Kiska refused to sign them so that they can become valid, but on February 4, parliament approved the two bills again, thus effectively overruling the his vetoes.
The bill whereby businesses with non-transparent mailbox firms should not be involved in procurements was okayed by the Smer-dominated parliament again, with only its date of effectiveness postponed to March. In rejecting this bill, Kiska argued that such initiatives must be effective and be in accordance with the Constitution, as well as with international agreements and EU legislation. The amendment does not meet these criteria, according to the president.
“It won’t prevent firms with an opaque ownership structure from winning tenders, as it only requires that the formal owners of such companies be revealed,” reads Kiska’s statement, as quoted by the TASR newswire.
The other bill – an amendment to the Labour Code which introduces the principle of joint responsibility for equalising the terms of employment between agencies and the companies that hire staff from them – was also approved in its original wording and the law will also come into effect as of March. The law includes the same salary and conditions for employees hired from agencies as for permanent staff if the people concerned carry out the same or very similar work.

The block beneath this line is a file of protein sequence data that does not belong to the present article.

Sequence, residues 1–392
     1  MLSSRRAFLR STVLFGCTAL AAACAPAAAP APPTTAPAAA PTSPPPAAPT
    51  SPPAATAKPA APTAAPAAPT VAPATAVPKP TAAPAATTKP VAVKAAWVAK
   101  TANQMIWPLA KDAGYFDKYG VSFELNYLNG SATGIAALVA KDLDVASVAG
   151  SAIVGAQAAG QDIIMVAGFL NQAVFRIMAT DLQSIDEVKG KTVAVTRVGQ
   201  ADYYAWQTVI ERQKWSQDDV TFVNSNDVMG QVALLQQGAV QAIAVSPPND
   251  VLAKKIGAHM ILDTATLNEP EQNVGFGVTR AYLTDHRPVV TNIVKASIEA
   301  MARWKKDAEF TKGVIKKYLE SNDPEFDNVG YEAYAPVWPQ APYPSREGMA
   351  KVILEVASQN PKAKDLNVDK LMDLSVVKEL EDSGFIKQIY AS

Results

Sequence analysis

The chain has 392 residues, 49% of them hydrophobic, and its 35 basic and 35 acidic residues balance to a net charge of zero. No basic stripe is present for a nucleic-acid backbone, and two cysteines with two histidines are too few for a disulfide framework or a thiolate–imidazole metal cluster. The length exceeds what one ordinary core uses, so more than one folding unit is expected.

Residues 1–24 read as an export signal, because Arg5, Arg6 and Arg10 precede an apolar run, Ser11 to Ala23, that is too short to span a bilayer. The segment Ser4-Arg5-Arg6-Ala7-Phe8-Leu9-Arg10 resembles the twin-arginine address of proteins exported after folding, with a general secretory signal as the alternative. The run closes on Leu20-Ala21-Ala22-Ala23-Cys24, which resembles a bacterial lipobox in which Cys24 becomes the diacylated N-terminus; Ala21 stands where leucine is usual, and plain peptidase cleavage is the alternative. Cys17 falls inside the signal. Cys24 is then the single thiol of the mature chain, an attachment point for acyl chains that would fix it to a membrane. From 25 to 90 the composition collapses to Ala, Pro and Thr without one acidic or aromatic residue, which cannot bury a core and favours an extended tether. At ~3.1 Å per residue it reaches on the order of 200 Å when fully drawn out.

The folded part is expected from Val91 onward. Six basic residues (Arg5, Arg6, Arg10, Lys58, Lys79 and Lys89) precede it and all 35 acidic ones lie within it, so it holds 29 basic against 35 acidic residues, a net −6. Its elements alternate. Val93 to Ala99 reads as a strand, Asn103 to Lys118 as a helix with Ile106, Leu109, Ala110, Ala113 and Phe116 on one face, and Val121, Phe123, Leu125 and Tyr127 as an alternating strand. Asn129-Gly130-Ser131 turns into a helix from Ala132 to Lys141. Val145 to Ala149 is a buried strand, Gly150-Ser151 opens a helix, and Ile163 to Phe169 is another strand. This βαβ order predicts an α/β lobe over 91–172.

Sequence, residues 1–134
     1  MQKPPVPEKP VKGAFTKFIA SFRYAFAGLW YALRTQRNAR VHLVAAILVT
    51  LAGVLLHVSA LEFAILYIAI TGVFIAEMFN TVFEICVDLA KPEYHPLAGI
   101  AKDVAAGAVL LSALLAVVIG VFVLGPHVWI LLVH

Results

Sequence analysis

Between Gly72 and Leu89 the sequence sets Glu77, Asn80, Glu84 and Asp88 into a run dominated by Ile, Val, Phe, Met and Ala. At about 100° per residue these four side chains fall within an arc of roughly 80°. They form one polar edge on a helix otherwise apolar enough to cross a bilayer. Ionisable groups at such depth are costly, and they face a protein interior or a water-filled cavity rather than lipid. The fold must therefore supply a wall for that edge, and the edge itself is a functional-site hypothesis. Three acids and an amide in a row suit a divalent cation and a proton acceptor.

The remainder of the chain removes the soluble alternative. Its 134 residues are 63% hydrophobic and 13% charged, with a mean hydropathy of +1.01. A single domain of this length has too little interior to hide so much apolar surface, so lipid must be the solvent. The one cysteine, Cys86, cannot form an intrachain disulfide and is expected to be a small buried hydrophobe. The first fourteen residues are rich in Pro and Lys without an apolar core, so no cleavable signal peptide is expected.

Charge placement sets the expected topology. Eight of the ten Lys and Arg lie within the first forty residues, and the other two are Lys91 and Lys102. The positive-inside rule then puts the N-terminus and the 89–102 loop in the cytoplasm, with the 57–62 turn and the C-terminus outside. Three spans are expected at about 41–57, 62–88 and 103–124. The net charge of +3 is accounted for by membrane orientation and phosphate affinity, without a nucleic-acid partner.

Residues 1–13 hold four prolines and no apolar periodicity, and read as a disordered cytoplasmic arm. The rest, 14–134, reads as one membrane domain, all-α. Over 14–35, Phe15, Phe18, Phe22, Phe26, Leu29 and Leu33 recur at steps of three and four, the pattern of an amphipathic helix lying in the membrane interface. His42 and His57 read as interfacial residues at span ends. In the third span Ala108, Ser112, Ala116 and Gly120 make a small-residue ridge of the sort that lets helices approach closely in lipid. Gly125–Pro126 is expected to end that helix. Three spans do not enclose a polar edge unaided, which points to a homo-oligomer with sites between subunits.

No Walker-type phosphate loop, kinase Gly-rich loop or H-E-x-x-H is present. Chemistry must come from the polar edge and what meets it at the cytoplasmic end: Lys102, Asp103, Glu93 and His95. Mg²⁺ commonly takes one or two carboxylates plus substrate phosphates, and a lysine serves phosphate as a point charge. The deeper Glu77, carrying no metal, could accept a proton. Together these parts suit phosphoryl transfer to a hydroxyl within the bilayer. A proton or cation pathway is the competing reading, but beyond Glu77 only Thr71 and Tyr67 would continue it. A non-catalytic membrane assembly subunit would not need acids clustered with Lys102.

The president refused to sign the bill due to objections presented by representatives of employers. Kiska stressed that several objections were known to MPs during the legislative process, consequently reaching the conclusion that the assessment of the impacts of the legislation on employment and the creation of new jobs was not adequate.
5. Feb 2015 at 12:57 | Compiled by Spectator staff